7. I am a caregiver and I had a regular patient who constantly had Irritable Bowel Syndrom (IBS). Just for reference, my patient is 85 and does not walk outside of her house. She is wheelchair restricted and spends a good amount of time sitting on her living room chair. On really bad days of IBS, I would have to sit with her for more than an hour while she tried using her commode to go. Some days, my patient would have large amounts of stool and on other days, she would have just the teeniest amount. However, she always felt better after getting to the bathroom. There are medications that she takes that sometimes help her- it just depends on a variety of things and what she ate drink. She would always drink coffee to help her!

  8. IBS can make life absolutely unlivable. There’s no way to know if today will be the day everything comes out as burning diarrhea, or the day when nothing moves at all and people ask if you’re pregnant from the retained matter. The meds don’t really help, and the diet is useless if you have any other health issues.

  9. I was finally diagnosed with Irritable Bowel Syndrome after 28 years of pain. I never understood why, after going out with my friends to eat, I always experienced abdominal pain and bloating when they could just eat whatever they wanted. After speaking with my doctor, I learned about my food triggers of dairy products and wheat and am living a much better life.

  10. -I’m a 22 year old student who just recently discovered I had IBS due to my Endometriosis after 5 months of consistent abdomen pain
    -After visiting a Gastroenterologist and a Gynecologist concurrently, we realized my that constipation symptoms (which forced me to take laxatives just to go regularly) were related to IBS-C
    -I had five months of cramp-like pain in my lower abdomen I went to the ER twice thinking I had appendicitis, all to find out from scans that I was just severely constipated
    -Bowel movements are often few and far between and also extremely compact and hard, very difficult to pass and the pain always gets significantly worse leading up to my menstrual cycle
    -Now I have been working on lessening the symptoms of my Endo (by taking hot baths and using a hot compress) along with drinking probiotics, a lot of water, and eating a high fiber diet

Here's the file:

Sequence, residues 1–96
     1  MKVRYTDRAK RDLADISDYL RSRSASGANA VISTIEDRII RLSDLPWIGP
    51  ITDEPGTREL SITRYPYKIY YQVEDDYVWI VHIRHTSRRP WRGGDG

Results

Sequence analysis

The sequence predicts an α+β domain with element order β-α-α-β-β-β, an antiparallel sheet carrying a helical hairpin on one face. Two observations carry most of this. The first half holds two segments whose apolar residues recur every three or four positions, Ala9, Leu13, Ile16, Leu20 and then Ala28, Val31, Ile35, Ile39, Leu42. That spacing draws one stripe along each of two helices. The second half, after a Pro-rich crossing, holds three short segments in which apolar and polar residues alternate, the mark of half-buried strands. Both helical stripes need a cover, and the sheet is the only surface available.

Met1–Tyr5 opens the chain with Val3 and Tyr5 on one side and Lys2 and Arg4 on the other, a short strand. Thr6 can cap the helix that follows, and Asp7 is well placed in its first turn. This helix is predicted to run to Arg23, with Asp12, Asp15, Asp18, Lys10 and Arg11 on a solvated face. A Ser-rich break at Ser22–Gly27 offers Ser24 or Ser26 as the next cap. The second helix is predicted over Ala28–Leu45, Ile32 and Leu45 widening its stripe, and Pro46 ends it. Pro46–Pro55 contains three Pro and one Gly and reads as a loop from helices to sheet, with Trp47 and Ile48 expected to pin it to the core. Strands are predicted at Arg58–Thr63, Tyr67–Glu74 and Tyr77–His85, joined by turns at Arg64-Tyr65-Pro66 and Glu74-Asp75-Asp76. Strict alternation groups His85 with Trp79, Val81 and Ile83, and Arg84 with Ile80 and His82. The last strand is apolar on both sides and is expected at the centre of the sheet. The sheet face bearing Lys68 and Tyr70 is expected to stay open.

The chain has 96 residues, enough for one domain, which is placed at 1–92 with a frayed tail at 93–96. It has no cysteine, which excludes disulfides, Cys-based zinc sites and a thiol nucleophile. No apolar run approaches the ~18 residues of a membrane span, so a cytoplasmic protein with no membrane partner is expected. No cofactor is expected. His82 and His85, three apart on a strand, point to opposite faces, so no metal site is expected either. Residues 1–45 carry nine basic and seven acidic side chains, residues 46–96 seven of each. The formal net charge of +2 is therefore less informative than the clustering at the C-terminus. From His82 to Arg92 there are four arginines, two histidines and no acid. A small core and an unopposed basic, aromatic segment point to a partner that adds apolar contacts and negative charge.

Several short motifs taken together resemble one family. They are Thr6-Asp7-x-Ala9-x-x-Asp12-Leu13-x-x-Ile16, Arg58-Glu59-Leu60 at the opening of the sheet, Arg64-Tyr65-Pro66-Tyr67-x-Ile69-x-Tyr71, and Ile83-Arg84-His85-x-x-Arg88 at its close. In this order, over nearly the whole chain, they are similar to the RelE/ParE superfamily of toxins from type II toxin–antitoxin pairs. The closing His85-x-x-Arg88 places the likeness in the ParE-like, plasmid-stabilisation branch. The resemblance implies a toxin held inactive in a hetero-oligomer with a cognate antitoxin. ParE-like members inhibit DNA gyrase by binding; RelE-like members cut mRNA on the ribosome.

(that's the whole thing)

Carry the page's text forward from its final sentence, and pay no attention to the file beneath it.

-Probiotic yogurt seems to be helping the best!

  11. IBS controls my life… it’s finally great to be able to put a label on the constant pain I feel every day, but it doesn’t eliminate my need to be careful about everything that I eat. Whether it’s dairy, or eggs, or gluten… IBS has started to control my life and the joy that I get from eating wonderful foods. If I choose to ignore it… instant stomach ache and diarrhea… I’m tired of spending hours every day sitting on the toilet.

  12. I am 31 years old and I was diagnosed with IBSD after several years of having stomach problems and never finding a reason. Even as a teenager I had issues, but was never actually diagnosed, despite going to the doctor several times for symptoms. I do not know why it took so long to get a diagnosis. It has a huge impact on my life. My employer has to be understanding because I need so many bathroom breaks. It interrupts time with my friends and family. It is also very embarrassing when using a public restroom or at a friend’s house. It is often triggered by stress and a stressful time is the worst time to have to be stuck in the bathroom. That was an issue when my wife was in labor. I kept having to leave to go to the bathroom and almost missed the birth of my daughter. IBSD is a miserable condition. So far I have to been able to find very effective treatment or medication. I am just trying to get by and cope with this horrible problem. I hope that someday someone develops a good medication or treatment for it.

  13. Irritable Bowel Syndrome has done nothing but inconvenience me. I have been struggling with this disorder for 13 years. I have found ways to deal with my pain. It is possible to cope, do not ever lose hope!